Home Improvement Construction; a Homeowner's Guide to Building a Home Addition - Part II

When undergoing home improvement construction to build a home addition, most homeowners rely on professional help from a building contractor or a number of home improvement contractor professionals

In part 1, planning and designing a new home addition was discussed; here in part 2 issues involving screening and working with a home addition contractor will be explored.

Getting Professional Help

One key factor in selecting a home contractor is price; what the bottom line cost will be to complete the project. One of the steps discussed in part 1 involved obtaining building cost per square foot quotes from several local residential building contractor professionals.

Note the difference between a building estimate and a building quote. Estimates are an open-ended ball park idea of what the total cost may be. A building quote represents a firm bottom line figure. Unless, of course, an unforeseen detail arises that would affect the projected cost.

Most contractors allow 10% to 20% or more on top of a cost estimate to call it a quote, as a safety margin on their end. Some contractors will pass savings on to the homeowner for lower labor or material costs in the final bottom line invoice.

The type and size of project you are planning will dictate the number of professionals required to complete the work. Even a small home addition may need the services of an architect or designer to draw up the blue print for the building plan. (Sketches and rough drawings are usually not acceptable for local building code purposes when applying for a building permit.)

For larger, more extensive projects, the services of a residential architect could prove invaluable. Not only in assuring that the new home addition blends in well with the existing structure, but that building code requirements are met, as well.

When looking for professionals for your project, there are several resources from which to draw. Word of mouth from friends, relatives, or neighbors who have had a good experience with a particular contractor is a good place to start. Another resource is newspaper or yellow page advertisements.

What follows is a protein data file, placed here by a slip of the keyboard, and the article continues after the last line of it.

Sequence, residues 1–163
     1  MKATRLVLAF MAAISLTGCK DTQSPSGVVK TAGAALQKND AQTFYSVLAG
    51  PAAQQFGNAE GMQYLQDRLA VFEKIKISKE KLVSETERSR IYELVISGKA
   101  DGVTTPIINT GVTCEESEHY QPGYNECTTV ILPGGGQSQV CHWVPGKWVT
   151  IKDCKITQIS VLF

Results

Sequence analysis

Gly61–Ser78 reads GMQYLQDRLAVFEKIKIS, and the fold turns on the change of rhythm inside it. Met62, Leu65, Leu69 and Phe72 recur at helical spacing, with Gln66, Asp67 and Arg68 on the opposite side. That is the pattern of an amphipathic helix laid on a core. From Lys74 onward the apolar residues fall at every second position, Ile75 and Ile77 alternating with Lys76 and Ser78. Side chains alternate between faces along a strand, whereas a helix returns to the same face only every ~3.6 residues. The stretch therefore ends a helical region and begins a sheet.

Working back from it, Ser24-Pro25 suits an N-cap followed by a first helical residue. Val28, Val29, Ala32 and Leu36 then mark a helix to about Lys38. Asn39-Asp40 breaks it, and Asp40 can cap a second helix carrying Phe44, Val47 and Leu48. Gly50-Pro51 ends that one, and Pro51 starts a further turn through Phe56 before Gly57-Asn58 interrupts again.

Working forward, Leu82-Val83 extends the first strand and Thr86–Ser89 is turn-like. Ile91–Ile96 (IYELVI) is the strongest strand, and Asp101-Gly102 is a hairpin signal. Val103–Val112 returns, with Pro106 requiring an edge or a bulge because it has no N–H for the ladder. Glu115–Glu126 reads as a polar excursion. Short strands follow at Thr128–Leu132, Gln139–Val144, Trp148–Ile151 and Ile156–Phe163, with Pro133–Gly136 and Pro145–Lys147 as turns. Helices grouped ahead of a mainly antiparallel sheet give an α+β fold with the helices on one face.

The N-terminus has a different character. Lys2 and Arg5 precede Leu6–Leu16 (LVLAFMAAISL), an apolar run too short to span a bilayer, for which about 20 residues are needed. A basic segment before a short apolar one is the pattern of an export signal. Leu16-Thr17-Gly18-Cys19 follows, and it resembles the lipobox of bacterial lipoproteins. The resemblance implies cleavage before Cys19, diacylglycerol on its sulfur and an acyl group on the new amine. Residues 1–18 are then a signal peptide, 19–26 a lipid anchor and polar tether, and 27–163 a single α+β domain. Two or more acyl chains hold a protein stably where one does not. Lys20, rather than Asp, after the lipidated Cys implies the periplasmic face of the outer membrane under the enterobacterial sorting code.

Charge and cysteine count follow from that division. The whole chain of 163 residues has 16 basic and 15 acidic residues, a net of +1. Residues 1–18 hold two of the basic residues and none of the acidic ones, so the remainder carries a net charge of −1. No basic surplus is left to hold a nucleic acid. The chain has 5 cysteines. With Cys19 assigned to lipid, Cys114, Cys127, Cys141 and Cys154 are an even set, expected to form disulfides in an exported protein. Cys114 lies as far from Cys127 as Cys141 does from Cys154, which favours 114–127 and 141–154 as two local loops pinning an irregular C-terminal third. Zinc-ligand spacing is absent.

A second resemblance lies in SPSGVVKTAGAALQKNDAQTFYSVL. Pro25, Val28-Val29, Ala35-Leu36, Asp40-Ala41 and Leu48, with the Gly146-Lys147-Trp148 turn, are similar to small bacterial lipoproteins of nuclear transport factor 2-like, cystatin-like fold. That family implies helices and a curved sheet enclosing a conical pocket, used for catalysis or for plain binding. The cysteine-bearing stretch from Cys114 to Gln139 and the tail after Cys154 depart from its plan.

Reliable, reputable local contractors usually have been in business for a number of years, and will provide a number of references. Untrustworthy contractors usually do not last in one area very long. Therefore, it is important to follow up on references and work history.

What About Contractor to Homeowner Matchmaking Services?

Another good resource for locating reliable service providers are Internet home improvement contractor matching service web sites. Be wary, however, of sites that tout pre-screened home contractors. Sometimes the only “screening” contractors get is payment of fees for being listed on the site.

On those sites that do prescreen, how extensive is the screening process, and how often is information updated? Be aware that contractor licensing, insurance, references, workmanship rating, and other pertinent information might be outdated and no longer valid. In fact, many prescreening sites carry a disclaimer in regards to contractor dependability.

Therefore, utilize only those sites that provide complete information on each contractor, and then play it safe. Make sure each candidate's credential and background information checks out.

Personally interview each candidate. And contact the Better Business Bureau (BBB) and/or local building authority to see if any violations or complaints have been lodged against the contractor.